Overview of Population-Based ASD Screening Studies in Europe: 20 Years After CHAT

Thursday, May 17, 2012
Sheraton Hall (Sheraton Centre Toronto)
1:00 PM
P. Garcia Primo1, A. Hellendoorn2, S. Schjolberg3 and E. Van Daalen4, (1)University of Salamanca, Salamanca, Spain, (2)Department of Educational Sciences, Utrecht University, Utrecht, Netherlands, (3)The Norwegian Institute of Public Health, Oslo, Norway, (4)Department of Child - and Adolescent Psychiatry, University Medical Centre Utrecht, Utrecht, Netherlands
Background: Great efforts have been put into developing methods for early identification of toddlers with autism spectrum disorder (ASD) across Europe since the Checklist for Autism in Toddlers (CHAT) was first developed in 1992. Many studies have used similar screening instruments. The administration of them, however, differs considerably.. A group of researchers involved in population-based ASD screening studies in Europe have gathered in order to collaborate and interchange experiences in this area.  This group is part of COST action grant: “Enhancing the scientific study of early autism: A network to improve research, services and outcomes (ESSEA: www.cost-essea.com)”. Objectives: The first aim of this study is to provide a systematic overview of the different screening procedures and the corresponding validity measures for early identification of ASD used in all the population-based studies across Europe with the Checklist for Autism in Toddlers (CHAT), the Modified Checklist for Autism in Toddlers (M-CHAT), the Early Screening of Autistic Traits (ESAT), the Checklist for Early Signs of Developmental Disorders (CESDD), the Social Communication Questionnaire (SCQ), and the Communication and Symbolic Behavior-Scales-Developmental Profile-Infant Toddler Checklist (CSBS-DP-ITC). A second aim will be to describe the challenges regarding early screening by extracting data from this overview. Methods: MEDLINE and PsychINFO were used to find published ASD screening studies. Only population-based screening studies conducted in Europe were selected. And investigated. Additional information not available in the articles and some unpublished data was gathered by approaching the main researchers through the COST-ESSEA network. Information from each study were either extracted from the article or calculated from gathered data . The resulting material was tabulated to make the data comparable and to extract the most important issues regarding early screening methods. Results: The administration and outcomes of the screening instruments vary on several aspects. While some screening tools are the same across studies, they are administered in combination with a different surveillance or first screening approach, subsequently influencing validity measures. Furthermore, ages at screening and during diagnostic procedures, and the time between assessments, vary across studies. This also affects sensitivity and specificity. At a very young age it might be hard to differentiate between ASD and other developmental disorders, and signs of ASD might be too subtle to recognize. Population screening at 14 months results in low sensitivity and many false positives. Studies are also not alike in the setting and procedures of the screeners. Conclusions: The screening procedures for the early identification of ASD across Europe differ on many aspects, including surveillance ages, procedures and setting. This affects the validity measures of those instruments and the identification of ASD. Since screening instruments for ASD are administered in varied ways it is valuable both for clinical and research purposes to have some kind of overview in which different methods are compared. Although it is impossible to draw firm conclusions as to which screening method is most effective, the overview and the issues raised may help future implementation of screening methods and thereby improve the early identification of ASD.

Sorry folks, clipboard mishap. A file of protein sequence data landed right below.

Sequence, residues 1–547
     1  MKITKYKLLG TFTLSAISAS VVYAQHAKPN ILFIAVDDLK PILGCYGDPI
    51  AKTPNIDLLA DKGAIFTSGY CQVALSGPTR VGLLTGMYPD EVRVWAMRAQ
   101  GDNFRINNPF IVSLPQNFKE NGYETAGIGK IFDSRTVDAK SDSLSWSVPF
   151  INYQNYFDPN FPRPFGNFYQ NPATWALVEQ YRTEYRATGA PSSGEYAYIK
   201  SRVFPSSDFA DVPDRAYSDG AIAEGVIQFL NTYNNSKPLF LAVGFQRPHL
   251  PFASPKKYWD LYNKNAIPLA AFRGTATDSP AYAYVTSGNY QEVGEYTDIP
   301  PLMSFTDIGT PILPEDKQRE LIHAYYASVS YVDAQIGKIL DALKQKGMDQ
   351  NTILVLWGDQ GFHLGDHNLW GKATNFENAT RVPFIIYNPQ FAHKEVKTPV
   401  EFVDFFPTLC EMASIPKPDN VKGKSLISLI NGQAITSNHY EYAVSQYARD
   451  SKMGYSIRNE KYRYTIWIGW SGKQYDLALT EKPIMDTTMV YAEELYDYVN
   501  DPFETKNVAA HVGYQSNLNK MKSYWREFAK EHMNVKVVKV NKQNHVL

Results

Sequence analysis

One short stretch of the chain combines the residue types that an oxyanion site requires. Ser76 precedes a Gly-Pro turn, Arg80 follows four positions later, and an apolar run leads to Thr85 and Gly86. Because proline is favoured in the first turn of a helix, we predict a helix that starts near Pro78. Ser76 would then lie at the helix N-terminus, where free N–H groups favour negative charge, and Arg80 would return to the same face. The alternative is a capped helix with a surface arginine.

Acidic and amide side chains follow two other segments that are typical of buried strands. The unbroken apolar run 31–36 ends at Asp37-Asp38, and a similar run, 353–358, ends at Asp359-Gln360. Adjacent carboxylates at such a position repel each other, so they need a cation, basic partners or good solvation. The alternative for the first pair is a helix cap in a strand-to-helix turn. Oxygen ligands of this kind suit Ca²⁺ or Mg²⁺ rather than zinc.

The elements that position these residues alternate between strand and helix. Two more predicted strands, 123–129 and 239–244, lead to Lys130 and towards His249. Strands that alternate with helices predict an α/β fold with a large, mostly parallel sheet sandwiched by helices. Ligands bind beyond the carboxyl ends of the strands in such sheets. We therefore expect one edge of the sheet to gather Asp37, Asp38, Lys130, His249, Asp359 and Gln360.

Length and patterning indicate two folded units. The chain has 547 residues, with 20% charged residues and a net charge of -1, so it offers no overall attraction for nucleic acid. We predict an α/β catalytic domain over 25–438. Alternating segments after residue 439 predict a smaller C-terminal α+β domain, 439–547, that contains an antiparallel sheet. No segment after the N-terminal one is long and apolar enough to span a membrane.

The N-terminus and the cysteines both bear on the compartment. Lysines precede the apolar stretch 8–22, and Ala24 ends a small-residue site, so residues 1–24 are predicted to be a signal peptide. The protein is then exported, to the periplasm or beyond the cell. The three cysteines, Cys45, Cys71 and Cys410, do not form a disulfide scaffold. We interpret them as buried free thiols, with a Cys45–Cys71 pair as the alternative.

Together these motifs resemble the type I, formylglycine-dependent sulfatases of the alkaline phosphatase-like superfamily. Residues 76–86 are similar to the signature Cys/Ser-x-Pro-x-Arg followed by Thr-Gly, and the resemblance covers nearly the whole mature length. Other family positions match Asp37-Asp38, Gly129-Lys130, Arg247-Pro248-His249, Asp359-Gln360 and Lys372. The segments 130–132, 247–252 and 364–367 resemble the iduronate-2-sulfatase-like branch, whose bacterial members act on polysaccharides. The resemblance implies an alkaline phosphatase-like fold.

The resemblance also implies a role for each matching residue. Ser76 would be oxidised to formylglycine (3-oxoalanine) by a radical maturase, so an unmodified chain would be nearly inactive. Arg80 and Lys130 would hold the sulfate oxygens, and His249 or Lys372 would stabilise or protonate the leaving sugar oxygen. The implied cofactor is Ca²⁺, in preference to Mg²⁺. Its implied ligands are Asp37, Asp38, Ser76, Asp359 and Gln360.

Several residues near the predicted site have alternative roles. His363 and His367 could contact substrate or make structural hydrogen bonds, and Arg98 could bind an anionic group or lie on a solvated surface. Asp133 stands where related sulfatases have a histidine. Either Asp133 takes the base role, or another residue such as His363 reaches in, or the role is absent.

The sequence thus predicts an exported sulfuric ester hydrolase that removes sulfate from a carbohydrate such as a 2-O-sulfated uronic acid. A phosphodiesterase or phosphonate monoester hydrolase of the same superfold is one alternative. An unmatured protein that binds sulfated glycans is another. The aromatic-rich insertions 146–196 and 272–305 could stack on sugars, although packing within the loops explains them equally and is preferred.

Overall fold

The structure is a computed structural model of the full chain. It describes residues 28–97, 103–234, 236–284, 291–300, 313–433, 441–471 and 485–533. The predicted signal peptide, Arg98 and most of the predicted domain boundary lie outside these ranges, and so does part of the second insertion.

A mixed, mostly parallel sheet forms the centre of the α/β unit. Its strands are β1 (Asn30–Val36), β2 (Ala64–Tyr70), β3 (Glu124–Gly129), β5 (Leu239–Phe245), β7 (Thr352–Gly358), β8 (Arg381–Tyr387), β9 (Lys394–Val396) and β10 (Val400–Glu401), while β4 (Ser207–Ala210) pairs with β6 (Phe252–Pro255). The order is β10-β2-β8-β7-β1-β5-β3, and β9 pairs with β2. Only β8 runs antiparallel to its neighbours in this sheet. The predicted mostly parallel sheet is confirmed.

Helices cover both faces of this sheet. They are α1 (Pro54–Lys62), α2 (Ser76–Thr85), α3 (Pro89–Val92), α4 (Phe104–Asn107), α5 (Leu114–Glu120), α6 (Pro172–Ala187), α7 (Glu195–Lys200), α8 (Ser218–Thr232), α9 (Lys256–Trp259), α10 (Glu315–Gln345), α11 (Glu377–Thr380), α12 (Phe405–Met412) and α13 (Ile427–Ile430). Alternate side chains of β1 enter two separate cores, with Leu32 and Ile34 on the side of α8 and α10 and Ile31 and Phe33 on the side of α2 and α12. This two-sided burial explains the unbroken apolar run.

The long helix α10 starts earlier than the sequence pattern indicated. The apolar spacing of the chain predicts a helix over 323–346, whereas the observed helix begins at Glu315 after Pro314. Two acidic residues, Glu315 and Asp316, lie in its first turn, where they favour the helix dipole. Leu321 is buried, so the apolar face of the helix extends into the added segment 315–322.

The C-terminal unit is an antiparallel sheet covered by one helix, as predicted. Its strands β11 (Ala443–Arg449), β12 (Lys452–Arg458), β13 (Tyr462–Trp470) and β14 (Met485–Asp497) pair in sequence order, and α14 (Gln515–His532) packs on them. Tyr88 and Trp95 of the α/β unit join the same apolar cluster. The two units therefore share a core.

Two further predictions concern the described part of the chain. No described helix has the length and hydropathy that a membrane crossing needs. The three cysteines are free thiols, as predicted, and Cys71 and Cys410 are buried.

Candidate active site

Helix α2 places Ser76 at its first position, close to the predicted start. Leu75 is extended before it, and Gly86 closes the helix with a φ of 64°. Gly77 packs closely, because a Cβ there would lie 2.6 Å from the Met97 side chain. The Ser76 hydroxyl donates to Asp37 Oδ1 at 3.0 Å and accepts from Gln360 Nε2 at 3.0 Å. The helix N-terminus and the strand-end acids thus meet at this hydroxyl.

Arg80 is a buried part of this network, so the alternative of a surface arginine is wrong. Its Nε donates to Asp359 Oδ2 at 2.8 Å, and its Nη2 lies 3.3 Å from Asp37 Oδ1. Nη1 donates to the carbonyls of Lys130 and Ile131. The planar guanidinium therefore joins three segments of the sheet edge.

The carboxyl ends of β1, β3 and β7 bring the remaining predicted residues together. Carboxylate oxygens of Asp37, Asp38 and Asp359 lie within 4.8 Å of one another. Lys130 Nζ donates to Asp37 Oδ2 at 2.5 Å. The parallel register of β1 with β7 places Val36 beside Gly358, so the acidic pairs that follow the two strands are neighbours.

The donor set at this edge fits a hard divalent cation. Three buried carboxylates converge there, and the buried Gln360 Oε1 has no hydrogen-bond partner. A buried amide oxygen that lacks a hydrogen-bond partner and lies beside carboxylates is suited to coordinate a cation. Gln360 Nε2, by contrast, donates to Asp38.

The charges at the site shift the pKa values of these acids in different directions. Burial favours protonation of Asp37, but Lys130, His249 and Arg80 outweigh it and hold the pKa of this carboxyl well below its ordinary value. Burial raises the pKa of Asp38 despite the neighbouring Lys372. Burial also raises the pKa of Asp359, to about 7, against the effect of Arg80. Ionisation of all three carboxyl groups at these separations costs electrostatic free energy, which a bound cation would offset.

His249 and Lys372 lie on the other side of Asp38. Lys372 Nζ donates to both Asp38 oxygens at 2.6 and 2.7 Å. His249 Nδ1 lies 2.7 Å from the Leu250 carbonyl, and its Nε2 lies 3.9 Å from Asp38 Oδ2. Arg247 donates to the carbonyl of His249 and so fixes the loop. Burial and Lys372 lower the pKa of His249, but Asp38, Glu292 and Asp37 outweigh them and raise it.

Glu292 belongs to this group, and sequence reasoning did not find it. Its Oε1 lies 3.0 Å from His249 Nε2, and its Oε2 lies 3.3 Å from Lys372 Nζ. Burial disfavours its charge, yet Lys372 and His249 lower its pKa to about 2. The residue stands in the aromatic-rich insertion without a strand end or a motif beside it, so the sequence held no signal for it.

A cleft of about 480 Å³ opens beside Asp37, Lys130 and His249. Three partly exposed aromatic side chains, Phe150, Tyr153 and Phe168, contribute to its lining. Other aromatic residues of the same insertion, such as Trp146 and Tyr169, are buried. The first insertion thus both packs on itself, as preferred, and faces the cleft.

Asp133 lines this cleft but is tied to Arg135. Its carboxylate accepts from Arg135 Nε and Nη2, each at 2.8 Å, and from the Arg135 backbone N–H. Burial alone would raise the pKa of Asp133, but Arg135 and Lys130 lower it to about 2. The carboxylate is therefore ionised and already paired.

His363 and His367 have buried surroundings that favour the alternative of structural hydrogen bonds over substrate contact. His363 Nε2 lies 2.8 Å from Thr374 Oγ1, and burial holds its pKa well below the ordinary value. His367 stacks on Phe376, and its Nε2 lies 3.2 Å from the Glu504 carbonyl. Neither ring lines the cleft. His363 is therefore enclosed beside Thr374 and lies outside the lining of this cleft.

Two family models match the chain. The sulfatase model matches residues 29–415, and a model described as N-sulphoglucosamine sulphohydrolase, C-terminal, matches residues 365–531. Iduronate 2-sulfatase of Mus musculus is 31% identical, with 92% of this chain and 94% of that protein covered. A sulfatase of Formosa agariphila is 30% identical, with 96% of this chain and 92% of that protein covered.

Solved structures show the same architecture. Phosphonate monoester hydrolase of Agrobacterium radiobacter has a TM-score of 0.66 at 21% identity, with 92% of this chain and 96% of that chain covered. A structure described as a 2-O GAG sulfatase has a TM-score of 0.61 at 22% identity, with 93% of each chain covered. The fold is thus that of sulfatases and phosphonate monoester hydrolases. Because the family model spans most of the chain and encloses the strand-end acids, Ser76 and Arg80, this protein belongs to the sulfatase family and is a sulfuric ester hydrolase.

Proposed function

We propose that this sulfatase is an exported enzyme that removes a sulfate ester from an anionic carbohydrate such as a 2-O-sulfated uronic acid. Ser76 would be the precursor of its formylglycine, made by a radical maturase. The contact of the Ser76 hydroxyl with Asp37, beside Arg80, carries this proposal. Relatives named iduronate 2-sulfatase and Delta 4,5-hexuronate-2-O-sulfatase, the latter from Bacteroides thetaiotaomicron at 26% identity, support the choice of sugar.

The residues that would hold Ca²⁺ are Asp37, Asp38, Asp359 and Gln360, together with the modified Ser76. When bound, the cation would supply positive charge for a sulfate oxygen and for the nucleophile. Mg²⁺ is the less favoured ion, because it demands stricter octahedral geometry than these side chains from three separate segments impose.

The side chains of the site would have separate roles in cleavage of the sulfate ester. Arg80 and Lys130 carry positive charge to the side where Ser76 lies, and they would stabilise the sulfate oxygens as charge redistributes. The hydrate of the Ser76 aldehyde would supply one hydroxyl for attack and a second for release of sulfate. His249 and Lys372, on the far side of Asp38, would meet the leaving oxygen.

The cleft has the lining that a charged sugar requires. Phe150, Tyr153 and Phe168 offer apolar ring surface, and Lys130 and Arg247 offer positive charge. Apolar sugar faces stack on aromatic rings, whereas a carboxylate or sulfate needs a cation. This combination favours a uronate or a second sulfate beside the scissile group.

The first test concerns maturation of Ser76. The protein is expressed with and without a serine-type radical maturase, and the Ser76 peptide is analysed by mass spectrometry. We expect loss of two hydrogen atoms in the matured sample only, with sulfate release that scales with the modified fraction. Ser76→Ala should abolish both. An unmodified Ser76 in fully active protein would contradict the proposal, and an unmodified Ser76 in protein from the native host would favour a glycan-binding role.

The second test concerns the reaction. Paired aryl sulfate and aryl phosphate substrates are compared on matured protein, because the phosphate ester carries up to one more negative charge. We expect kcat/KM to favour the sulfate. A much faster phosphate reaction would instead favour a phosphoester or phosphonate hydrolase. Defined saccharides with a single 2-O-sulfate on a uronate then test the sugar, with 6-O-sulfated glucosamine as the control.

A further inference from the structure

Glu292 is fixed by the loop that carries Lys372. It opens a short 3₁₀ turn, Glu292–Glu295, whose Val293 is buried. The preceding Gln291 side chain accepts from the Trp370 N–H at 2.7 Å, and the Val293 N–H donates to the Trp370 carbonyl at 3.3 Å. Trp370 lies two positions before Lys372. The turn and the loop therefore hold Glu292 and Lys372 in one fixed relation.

| More